Failing While Performing


I got a nice little fire kiss on my eyelid last night. My fire fans are four wick, but I decided to borrow an extra set of five wick fans because they look cooler. More flame = better, right?  

Anyways, was doing a little opposite spin and lost my grip on the fan spinning inward. It bounced off my face before it hit the ground. Talk about graceful!    

Naturally, this is what I’m thinking about over my morning coffee. Probably because I can feel that little stinging reminder. Or it's just that we humans like to obsess over failure. It’s endemic of what I’ve been doing the past few months. You see, I decided I wanted to go deeper into my fire spinning practice. I’ve been playing around with fire for a couple of years, and really enjoying it. I never really enjoyed performing though. I would get super nervous and revert to my same five moves and three props. If you’re curious, I’m partial to the staff but would muddle through poi and fans when Kiki, our dragon den mom, would put it on the set list.   

My first step in breaking through to a new level was getting some new props. Good tools can make a huge difference. Last year, I bought better fans, poi, and a heavier staff. I also started performing on a weekly basis. Yet, it was still the same five moves with just as many butterflies pounding their little wings around my stomach.   

I also said yes to a retreat in February and on New Year’s Eve to say yes to three performances that night. We didn’t have big plans. Why not ring in 2022 with fire. What could go wrong? No, don’t answer that.    

My new rope dart came in a couple of weeks before and I had been teaching myself new moves off YouTube videos. Thanks Flow Mayhem (seriously, she’s insanely good)! The new pathways I was developing in my brain would surely pay off one day.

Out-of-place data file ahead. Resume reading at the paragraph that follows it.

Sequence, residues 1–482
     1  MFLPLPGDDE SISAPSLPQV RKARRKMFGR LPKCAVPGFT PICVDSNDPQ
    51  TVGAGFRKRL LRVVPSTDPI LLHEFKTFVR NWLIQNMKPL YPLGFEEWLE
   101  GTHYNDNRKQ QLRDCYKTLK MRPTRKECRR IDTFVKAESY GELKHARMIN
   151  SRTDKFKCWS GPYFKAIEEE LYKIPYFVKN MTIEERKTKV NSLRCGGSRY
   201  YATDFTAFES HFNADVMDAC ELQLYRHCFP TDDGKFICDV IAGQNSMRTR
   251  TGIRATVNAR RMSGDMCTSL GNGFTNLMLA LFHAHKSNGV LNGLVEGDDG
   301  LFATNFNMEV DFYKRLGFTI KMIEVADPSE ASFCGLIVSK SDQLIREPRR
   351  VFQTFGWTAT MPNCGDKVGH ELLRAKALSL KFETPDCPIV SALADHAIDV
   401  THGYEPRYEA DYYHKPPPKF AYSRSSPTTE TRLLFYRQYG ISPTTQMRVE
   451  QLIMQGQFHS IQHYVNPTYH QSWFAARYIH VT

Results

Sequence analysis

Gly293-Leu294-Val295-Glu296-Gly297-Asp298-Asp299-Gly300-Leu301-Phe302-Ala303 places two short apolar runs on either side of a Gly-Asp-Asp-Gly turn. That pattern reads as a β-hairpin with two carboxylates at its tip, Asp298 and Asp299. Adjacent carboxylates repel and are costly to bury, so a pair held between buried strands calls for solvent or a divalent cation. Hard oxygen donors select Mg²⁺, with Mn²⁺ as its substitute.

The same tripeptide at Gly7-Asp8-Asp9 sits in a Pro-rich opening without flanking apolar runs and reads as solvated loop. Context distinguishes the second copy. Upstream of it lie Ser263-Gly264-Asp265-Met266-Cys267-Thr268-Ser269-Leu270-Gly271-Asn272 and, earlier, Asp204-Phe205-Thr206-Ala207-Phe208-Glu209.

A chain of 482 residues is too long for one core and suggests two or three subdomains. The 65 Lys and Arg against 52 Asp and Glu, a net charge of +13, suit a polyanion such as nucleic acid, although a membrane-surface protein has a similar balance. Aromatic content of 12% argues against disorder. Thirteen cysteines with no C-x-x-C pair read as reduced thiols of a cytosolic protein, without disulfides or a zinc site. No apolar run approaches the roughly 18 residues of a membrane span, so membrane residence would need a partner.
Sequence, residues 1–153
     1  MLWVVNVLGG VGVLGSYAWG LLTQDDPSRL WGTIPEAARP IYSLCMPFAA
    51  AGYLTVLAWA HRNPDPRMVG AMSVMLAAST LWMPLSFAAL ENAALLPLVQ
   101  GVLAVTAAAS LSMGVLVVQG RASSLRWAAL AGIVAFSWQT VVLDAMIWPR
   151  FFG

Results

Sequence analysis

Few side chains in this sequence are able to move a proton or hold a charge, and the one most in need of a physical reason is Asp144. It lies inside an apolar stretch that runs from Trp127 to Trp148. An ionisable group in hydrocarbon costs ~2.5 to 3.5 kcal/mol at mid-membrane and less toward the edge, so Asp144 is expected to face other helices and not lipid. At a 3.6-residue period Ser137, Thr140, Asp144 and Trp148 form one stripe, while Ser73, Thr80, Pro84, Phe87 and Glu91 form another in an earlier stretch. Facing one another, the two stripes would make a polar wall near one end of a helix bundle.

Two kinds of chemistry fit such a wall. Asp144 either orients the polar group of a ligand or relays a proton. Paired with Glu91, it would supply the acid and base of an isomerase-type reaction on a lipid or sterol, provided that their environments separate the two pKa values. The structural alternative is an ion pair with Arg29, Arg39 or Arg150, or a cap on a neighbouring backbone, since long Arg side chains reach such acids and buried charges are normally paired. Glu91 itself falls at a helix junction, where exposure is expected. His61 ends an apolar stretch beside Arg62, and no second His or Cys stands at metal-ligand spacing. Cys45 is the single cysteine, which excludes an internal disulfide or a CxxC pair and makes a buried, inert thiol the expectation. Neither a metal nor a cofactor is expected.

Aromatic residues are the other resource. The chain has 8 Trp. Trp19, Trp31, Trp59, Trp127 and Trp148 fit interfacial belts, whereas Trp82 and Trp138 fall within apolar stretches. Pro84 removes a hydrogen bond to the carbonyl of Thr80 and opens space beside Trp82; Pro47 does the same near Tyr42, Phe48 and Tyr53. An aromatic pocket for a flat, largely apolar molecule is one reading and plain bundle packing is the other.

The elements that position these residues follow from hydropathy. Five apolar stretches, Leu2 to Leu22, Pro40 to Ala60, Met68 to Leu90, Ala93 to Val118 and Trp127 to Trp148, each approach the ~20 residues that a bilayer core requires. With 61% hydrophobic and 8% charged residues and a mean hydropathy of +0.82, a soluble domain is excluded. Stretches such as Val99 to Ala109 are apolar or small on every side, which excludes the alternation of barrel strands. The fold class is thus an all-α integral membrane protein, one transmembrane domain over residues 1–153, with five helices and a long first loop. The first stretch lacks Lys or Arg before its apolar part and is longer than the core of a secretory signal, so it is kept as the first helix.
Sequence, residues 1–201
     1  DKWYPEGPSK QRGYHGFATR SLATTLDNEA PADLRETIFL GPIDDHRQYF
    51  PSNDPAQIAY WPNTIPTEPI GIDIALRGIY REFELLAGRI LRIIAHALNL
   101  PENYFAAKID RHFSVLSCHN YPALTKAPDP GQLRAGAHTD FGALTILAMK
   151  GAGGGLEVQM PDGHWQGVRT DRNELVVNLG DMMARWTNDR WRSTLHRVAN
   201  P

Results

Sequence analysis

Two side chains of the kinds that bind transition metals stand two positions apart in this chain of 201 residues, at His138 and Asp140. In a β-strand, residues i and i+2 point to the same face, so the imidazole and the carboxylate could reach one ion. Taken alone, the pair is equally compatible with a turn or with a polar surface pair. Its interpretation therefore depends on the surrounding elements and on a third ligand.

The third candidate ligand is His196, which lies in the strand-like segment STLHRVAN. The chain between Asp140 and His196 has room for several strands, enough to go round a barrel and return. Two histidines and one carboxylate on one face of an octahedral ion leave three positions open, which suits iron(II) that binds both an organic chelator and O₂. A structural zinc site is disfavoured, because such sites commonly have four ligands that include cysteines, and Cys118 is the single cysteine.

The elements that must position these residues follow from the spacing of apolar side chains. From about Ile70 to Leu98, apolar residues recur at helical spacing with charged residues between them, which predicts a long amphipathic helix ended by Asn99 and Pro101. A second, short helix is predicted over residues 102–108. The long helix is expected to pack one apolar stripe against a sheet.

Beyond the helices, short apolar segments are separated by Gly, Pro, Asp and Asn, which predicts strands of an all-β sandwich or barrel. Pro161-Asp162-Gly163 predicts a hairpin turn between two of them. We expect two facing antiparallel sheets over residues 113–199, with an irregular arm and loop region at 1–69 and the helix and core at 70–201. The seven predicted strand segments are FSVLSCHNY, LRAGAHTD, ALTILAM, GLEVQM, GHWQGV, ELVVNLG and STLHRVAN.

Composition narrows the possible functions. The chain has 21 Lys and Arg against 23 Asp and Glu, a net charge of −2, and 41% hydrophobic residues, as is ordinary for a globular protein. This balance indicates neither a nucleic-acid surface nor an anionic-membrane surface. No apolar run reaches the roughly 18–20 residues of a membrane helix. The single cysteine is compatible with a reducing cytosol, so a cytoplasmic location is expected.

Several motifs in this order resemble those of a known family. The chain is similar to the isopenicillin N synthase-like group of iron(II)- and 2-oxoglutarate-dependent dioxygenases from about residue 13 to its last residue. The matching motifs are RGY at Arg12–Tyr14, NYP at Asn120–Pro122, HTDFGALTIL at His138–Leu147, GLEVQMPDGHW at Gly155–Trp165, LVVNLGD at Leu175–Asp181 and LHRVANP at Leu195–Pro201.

After our three performances, we were still playing around on the beach and Kiki suggested I light up my virgin dart. With the adrenaline from the shows pumping, I went for it.   

There aren’t too many things that feel as good as lighting a brand new prop and nailing the moves you’ve been learning. I rang in 2022 on a fire high! If you watch the video in the link above, it was the one where she wraps it around her neck. The thing is, I hadn’t consciously remembered that the dart would swing behind me. Luckily, my muscles did and I remained unscorched.    

Muscle memory is an awesome thing. It’s what I’m working on here. It’s why great writers throw away most of what they write. Without muscle memory, you never get to mastery. If I hadn’t decided to get out of my five move rut, you would still see a solid performance, but you would never see mastery.    

I started the book Mastery this week. We’ll see if it says anything like what I’ve discovered.    

I also lit up a new fire sword in our performance last night. The challenge with it is that there aren’t many tricks, so it forced me to focus on how my body was moving…in front of so many people. And that is another critical element to master that I haven't paid much attention.    

After writing all of this, I believe the main point here is that you don’t attain mastery by doing the same moves over and over. You start with those moves and you still do the same moves over and over, but you also learn new moves with better tools, then you start creating your own moves. In writing, we call it voice. First you imitate, then you create.   

So try a technique, a prompt, or a prop that’s new this week. See what happens. And if you get a little (metaphorical) fire kiss, figure out the lesson in your failure and try again.